Without proper maintenance, your business wouldn’t function properly (at least, for long). Having a skilled maintenance manager ensures that the appropriate tasks are handled in a timely manner and that the employees within the department receive the guidance and direction they need to perform to the best of their ability. But what separates a good maintenance manager from a great one?
There are certain characteristics that define great leadership. To help you find a stellar maintenance manager amongst a sea of applications, be sure to look for these five traits.
Leadership from the Frontlines
Maintenance tasks are often hands-on jobs, and a manager that is willing to get their hands dirty right alongside their team will often command more respect. Instead of finding a candidate that leads by words only, find one that leads by example. Employees are more likely to follow the requests of someone who isn’t asking them to do something they themselves would not do.
This style of leadership also helps the manager stay abreast of any issues that need addressing. This can include obstacles to their employees being able to complete their jobs, as well as internal conflicts between team members. Being involved directly with activities helps keep the manager informed and allows them to adjust their approach according to the situation at hand.
Organization and Planning
The work of a maintenance department is part reactive and part proactive. While sudden system and equipment failures must be addressed immediately, preventative maintenance activities need to be planned in advance. An effective maintenance manager can strike a balance between maintaining a schedule and adapting to urgent needs without falling behind on either. This requires significant experience in the areas of organization and planning, as well as knowledge regarding how to delegate tasks and respond to changing priorities.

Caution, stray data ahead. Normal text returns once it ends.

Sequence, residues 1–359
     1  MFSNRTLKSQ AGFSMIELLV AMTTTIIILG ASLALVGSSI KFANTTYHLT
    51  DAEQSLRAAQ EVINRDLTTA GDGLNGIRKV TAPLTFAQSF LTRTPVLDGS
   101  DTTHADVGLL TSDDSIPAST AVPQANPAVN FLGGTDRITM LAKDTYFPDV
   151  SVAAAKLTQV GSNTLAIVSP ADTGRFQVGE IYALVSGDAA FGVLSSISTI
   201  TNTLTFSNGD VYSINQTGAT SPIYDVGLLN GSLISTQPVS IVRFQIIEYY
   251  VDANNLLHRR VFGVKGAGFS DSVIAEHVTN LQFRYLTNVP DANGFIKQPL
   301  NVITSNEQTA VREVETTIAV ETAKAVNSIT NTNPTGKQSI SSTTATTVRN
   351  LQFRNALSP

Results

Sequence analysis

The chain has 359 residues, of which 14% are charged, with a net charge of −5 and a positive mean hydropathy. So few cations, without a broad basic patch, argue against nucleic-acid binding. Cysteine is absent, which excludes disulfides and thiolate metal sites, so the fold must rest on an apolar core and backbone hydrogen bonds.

Subject area knowledge is the foundation of a strong maintenance manager. They need to understand what it takes to complete a task, including the materials and tools needed, as well as the time. This helps them organize activities more efficiently while ensuring their expectations of their team’s work are reasonable. Without knowledge of what it takes to do these jobs, the maintenance manager will likely run into trouble fairly quickly.
Being knowledgeable allows them to do the work, but it is better if they can take that a step further. Having the ability to teach and train employees successfully can be invaluable, especially when they have vast experience in the field. It can also lower costs of training new and current employees, as they can learn from the maintenance manager directly.
This also helps ensure redundancy amongst the skill sets present. If the manager is the only person who possesses certain knowledge, they can train others to create double-coverage opportunities. Then you can rest assured knowing that all tasks can be completed even when someone is unexpectedly absent.
Accountability and Recognition
The ability to accept responsibility for things that go wrong, and to hold accountable those who misstep, is a necessary leadership trait. But it is equally important to be able to recognize the efforts of those within your team and ensure proper credit is given when it is due. Failing to do either can lead to issues of respect and trust within the team which can negatively affect the function of the team.